Joining Salim Shaheen, the most popular and prolific actor-director-producer in Afghanistan on his 111th no budget feature, Kronlund documents the week-long shoot and the events surrounding it. She crafts an insight into a larger than life persona, yet amidst the comedy and theatricality of Shaheen and his troupe of collaborators, she uncovers the heavier tones of the everyday reality of war and patriarchal oppression. If The Prince of Nothingwood will popularly be remembered for celebrating the creative spirit of its star, it is equally an important communication on Afghanistan, it's culture and its people. Alongside the awareness of the country cultivated by mainstream media news outlets, Kronlund's film offers an insight into a country that can humanise the prejudice and xenophobic tendencies of a western perspective towards Afghanistan.

In October of this year at the UK premiere at the BFI London Film Festival, Kronlund spoke with PopMatters about being driven by questions rather than inspiration. She also reflected on the subjective nature of documentary filmmaking, the necessary artistic compromises of filming in Afghanistan, and feeling a satisfaction with imperfections.

Why filmmaking as a means of expression? Was there an inspirational or defining moment?

Not really, no. I have always done documentary. I used to write scripts and TV series but I only make documentaries myself for radio and television. For this story, I figured out after a while that it deserved a bigger ambition and a bigger screen and that's why I don't very much believe in inspiration. To be honest, I made this film because I had to do something. I didn't have a big project where I thought: I want to make this. I went there and I found a little money and at the end the ambition and the inspiration came along the way. But there was not an urgent necessity to make this film. It fits with a lot of things that I'm interested in, like popular culture -- What does art stand for and why do we go to the cinema? What is the purpose? This is a question I'm interested in, but inspiration, not so much.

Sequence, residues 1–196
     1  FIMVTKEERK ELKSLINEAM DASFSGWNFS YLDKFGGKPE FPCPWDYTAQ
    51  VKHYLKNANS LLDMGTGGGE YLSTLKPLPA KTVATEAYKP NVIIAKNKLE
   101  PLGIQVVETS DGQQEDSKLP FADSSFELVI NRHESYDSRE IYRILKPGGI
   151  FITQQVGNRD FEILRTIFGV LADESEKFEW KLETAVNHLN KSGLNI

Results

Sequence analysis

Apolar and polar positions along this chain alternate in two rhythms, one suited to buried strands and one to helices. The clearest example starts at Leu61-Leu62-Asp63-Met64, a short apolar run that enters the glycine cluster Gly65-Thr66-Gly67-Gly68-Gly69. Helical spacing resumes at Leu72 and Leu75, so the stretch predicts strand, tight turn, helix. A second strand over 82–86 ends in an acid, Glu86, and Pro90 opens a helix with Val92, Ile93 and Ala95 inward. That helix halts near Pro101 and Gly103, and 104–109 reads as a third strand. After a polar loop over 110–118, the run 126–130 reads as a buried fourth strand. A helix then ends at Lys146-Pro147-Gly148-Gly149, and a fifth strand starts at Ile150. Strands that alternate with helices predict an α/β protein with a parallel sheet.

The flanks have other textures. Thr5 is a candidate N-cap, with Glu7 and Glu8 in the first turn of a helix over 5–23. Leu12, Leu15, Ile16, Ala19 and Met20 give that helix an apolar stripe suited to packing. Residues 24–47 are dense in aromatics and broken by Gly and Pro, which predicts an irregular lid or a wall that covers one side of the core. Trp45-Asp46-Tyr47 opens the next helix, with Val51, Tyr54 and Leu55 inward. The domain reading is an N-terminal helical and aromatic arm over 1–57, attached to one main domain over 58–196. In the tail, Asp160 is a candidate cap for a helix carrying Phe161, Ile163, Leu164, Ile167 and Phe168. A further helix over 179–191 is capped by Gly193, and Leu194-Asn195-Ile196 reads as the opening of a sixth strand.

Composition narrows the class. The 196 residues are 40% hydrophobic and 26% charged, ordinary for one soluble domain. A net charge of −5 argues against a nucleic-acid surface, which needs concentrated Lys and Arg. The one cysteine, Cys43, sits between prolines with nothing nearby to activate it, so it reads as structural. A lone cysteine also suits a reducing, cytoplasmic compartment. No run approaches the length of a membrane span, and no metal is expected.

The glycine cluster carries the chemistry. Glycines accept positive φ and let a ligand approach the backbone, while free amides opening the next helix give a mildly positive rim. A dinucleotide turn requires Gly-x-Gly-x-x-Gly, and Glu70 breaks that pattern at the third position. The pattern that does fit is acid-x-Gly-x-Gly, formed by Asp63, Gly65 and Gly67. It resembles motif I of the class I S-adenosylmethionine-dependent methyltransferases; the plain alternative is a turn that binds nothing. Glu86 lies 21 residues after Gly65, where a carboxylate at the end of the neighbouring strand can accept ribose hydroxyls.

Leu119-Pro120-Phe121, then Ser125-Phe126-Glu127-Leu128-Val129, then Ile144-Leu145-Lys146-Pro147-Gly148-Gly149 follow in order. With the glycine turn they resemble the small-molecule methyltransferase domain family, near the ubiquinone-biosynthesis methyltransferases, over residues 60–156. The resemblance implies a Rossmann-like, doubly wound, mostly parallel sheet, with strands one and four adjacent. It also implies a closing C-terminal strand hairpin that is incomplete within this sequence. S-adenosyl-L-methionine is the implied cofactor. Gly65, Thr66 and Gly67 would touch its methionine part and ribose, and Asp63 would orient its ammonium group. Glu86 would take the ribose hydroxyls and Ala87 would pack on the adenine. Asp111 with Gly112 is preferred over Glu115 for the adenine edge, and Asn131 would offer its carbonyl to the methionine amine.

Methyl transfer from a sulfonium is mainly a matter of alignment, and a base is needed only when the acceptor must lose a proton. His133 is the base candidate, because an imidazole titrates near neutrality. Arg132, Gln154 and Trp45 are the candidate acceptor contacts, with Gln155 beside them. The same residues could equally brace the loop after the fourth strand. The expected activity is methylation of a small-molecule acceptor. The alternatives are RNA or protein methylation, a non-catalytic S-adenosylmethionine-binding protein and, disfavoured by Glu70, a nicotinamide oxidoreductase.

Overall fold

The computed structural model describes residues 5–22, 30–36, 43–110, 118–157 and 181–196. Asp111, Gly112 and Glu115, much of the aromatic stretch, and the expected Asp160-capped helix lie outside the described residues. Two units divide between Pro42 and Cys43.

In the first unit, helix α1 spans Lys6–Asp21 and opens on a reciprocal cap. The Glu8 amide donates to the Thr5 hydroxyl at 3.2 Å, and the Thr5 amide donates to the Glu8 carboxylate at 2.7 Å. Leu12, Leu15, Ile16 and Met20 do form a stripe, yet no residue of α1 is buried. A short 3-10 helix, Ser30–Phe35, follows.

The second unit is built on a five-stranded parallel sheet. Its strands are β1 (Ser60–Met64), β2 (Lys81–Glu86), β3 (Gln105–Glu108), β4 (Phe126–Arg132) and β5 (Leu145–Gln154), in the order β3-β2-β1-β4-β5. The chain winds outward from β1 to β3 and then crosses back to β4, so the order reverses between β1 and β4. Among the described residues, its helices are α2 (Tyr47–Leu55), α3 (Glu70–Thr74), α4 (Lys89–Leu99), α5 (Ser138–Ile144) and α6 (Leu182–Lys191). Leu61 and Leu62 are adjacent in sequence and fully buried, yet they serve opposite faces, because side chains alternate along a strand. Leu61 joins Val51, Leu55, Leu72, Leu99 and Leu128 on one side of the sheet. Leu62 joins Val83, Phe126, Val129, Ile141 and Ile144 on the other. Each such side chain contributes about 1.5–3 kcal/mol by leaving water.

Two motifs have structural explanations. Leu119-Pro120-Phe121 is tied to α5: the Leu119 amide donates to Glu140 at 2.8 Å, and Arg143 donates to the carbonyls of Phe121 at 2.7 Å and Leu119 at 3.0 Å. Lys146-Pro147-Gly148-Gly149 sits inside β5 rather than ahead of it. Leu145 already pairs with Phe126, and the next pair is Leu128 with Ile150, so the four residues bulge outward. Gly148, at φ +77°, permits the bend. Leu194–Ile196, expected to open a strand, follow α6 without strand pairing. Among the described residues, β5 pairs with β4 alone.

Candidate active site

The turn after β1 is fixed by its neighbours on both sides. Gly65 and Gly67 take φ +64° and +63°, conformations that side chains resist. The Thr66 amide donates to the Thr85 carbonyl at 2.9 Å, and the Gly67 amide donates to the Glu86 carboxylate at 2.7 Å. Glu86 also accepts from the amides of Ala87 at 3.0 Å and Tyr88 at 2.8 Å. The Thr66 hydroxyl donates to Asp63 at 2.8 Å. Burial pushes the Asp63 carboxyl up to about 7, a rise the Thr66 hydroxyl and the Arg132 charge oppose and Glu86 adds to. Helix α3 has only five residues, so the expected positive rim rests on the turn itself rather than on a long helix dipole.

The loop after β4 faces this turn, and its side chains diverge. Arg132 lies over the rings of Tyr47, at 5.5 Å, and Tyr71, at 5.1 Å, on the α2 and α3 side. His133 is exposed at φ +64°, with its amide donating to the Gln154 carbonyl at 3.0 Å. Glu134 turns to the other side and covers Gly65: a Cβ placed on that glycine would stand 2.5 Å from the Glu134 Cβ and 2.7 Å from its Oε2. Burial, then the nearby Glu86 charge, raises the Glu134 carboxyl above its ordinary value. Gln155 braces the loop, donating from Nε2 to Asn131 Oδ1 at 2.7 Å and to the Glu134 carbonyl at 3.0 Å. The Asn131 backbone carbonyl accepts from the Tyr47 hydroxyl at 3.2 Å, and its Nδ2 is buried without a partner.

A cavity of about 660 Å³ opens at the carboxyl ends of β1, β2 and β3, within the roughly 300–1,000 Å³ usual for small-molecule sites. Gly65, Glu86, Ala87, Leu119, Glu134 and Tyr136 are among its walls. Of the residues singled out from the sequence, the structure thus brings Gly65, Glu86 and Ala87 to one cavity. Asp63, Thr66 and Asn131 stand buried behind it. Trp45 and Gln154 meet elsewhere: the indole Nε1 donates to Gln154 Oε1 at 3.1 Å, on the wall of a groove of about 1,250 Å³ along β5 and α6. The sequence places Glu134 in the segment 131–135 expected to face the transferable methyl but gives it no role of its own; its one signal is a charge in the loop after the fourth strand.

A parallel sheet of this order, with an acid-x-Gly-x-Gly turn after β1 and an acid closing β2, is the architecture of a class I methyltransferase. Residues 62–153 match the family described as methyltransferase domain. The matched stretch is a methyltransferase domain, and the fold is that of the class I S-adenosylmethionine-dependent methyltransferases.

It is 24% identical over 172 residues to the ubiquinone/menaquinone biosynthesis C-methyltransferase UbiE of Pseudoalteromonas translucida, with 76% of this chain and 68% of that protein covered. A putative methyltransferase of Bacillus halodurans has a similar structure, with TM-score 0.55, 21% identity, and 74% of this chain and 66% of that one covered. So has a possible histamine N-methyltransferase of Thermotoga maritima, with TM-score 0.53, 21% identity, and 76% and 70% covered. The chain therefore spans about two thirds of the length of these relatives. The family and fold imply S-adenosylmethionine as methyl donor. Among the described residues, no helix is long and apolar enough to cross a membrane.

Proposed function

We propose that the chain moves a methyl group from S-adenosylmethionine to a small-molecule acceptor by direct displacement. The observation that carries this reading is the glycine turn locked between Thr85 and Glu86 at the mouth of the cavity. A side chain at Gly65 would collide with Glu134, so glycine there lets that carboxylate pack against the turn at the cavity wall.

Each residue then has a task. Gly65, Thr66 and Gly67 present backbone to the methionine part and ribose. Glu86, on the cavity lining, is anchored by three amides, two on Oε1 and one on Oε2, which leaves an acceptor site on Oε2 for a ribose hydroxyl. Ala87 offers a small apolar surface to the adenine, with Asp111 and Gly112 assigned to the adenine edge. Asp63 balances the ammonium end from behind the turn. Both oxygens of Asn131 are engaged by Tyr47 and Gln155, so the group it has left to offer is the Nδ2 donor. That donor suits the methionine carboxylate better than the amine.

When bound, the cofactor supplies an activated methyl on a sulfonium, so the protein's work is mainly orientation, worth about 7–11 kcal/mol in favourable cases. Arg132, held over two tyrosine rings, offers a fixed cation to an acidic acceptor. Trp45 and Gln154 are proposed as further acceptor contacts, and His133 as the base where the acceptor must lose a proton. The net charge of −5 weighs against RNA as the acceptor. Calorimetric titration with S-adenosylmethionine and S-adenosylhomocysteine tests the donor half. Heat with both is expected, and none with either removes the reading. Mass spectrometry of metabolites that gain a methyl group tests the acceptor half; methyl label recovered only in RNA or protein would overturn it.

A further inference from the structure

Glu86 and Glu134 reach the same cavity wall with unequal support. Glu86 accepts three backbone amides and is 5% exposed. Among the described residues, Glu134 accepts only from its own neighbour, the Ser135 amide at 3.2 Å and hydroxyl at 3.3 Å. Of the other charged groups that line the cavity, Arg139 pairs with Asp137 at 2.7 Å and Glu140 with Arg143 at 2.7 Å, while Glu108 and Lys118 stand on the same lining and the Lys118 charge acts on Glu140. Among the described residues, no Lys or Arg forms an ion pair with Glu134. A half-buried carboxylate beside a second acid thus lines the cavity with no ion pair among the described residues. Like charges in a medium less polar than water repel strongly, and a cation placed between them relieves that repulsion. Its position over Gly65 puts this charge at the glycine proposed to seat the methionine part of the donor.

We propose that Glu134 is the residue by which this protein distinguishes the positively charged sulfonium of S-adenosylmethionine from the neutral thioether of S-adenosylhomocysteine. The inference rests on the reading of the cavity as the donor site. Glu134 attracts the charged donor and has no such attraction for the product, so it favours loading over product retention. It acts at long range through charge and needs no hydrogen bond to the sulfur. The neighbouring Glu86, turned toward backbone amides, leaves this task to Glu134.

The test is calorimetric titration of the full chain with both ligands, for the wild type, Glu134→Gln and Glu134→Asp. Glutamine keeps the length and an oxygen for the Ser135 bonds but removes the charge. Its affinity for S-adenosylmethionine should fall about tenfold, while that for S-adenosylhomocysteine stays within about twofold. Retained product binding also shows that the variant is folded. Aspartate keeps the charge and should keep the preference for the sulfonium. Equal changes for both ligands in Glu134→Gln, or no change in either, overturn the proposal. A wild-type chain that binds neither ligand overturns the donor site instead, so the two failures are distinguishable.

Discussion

Has The Prince of Nothingwood provided you with the answers to those questions?

It has, and I hope it helps people to think about this question. It tells you that there is an urgent need to make images, to make films, even during war,and even if you don't have the money. And even if the films are not very good, they will find somebody who will like them. So something is going to happen, and I think that's very touching. I don't like Shaheen's films, I hardly watched them -- I paid somebody to watch them. But I'm very moved by all these people that do like his films, and it makes you think about the value of art and the purpose of why we make cinema. I used to study aesthetics in London, so it was one of the questions I had and while the film is lighter than this, that's what was in mind.

The film uses Shaheen as a doorway, beginning as a story about one man which becomes a story about Afghanistan, its people and culture.

Yeah, but it's not so much about Afghanistan and it's not my purpose is to say things about the country. There's one guy like him in Iran who makes cowboy movies in the Iranian desert and there's also a guy like that in Tunisia. I mean you have this person with an urgent need to film whatever they have under their hand and since it's war, then it tells you something about the war. But it's not so much interested in him.

There was a lot of editing, 148 hours that you haven't seen [laughs]. Making a documentary is really telling a story and I don't have any idea of objectivity -- it is my point of view on Shaheen. Some people say to me that they would like to show his films, that they really want to see his films, and I say: "You don't see how much I have edited. I show you the very nice parts of his films." People think he's a great filmmaker and that's the story I wanted to tell -- but I could have told another story.